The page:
You’re there for a reason, and it may not be the reason you had in mind. You can still contribute to the team. They need you, but they are just as important as you. Embrace a different kind of role. Your mother will remind you that good things come to those who wait. Don’t roll your eyes. Heed her advice. Your time will come. You and your team will win the final game against Norway, 2-1. It won’t be your last Cup title but don’t take this one for granted.
Your mother will remind you that good things come to those who wait. Don’t roll your eyes. Heed her advice.
You’re going to be devastated when you don’t make the ’95 World Cup team. Those women will have become your sisters, your support system. Being with them in ’91 and the years following — competing with them against the world — energized you and pushed you to the edge of your own comfort. It built you up. Being away from the team will break you down. Worse than not making the team will be the way in which you find out — you simply won’t be on the list. No conversation — just your name absent on a 23-player roster. That will hurt you the most. You’ll learn how silence can be suffocating.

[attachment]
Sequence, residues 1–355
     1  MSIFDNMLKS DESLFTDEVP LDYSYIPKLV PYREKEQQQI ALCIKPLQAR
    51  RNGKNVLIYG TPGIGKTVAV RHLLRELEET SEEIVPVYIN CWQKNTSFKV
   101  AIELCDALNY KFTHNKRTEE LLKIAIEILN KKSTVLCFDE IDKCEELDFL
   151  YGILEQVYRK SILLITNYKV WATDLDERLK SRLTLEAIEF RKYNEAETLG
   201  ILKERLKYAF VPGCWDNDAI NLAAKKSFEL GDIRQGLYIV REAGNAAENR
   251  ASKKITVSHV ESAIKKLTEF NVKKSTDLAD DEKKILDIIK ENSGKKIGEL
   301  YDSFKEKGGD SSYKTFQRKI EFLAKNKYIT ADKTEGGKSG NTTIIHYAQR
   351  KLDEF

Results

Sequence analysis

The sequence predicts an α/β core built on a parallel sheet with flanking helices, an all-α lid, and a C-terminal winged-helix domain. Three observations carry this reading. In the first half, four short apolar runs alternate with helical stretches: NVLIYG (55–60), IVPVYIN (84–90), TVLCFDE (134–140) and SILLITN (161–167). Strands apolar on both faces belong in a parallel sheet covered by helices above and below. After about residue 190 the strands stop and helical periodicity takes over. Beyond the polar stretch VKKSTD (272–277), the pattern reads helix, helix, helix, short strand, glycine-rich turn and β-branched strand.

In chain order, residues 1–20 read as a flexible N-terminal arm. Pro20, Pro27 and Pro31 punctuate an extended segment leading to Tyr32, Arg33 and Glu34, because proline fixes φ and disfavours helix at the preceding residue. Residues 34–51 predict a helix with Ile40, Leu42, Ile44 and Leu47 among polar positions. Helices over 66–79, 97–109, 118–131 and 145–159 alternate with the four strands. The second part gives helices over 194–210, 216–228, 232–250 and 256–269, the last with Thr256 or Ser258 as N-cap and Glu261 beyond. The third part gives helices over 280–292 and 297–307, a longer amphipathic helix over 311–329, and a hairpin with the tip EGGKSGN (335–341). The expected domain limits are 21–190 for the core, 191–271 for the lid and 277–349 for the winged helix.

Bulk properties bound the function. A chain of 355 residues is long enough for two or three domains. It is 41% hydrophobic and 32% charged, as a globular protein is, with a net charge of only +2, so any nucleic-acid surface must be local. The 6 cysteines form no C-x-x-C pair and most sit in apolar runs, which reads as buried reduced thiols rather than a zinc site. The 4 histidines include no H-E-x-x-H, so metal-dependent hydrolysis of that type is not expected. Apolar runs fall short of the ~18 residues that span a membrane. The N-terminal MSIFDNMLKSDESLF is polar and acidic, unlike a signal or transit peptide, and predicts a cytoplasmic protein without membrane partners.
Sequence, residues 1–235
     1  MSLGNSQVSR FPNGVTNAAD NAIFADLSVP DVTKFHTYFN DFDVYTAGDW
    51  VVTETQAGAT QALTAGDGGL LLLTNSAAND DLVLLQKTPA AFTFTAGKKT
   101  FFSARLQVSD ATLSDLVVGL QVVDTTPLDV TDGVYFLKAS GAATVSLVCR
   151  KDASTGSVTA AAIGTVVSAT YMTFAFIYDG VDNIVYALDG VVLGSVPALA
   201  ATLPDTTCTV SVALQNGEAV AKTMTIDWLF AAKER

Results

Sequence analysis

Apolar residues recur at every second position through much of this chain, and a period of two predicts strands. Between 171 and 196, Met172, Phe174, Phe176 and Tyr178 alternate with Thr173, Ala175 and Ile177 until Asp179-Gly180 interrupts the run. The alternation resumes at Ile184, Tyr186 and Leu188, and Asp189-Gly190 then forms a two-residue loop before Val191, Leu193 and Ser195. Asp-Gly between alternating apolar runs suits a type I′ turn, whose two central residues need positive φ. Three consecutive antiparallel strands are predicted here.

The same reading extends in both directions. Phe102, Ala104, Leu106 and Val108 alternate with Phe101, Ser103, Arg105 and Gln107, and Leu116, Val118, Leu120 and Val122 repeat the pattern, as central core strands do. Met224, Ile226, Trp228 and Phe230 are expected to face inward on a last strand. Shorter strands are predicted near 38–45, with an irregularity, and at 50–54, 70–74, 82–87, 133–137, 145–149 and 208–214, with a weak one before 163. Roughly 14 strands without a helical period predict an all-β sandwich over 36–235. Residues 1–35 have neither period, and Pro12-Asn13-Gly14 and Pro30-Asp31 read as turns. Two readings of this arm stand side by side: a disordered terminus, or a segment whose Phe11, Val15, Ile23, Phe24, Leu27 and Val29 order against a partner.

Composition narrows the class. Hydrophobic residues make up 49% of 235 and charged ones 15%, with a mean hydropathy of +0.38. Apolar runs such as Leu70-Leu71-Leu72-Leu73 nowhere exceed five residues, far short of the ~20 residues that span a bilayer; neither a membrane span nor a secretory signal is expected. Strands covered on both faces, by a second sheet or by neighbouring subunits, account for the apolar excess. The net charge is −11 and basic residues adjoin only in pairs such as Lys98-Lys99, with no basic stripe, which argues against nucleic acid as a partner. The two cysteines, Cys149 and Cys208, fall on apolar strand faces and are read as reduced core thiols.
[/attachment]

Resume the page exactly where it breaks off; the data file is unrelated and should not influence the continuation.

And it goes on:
Feel your hurt. Crawl inside of it, live with it, acknowledge it. Lean on your parents, who’ve always supported you, and your loved ones. They’ll help you through it. Watch your hurt take shape into determination. Use your stubbornness for good and make your way back to the national team. Really look at yourself and ask hard questions. Try to understand what about you as a player may have contributed to being cut but don’t get lost in that inward spiral.
You’ve got history to make.
At the start of the next chapter in your playing career, you’ll be faced with a tough choice. The USWNT will go on strike to dispute the contract offered by U.S. Soccer. Still, you’ll be invited to the national team camp under Tony DiCicco. You’ll have to decide whether to stand in solidarity with your teammates as they strike, because you believe in them and what they’re doing, or seize your chance. It will be a sensitive point: you acting with your team or acting selfishly. The thing is, you’ll be grateful for an opportunity to return to the team. The hurt from ’95 will still be a source of motivation. Talk to someone. Get some perspective. Your teammate Julie Foudy will encourage you to go into camp. She wants the best for the team but she always wants the best for individual people. Her support will stay with you for the rest of your life. And when you make the choice to join the camp, don’t think about what would’ve happened had you not. U.S. Soccer will be better for it.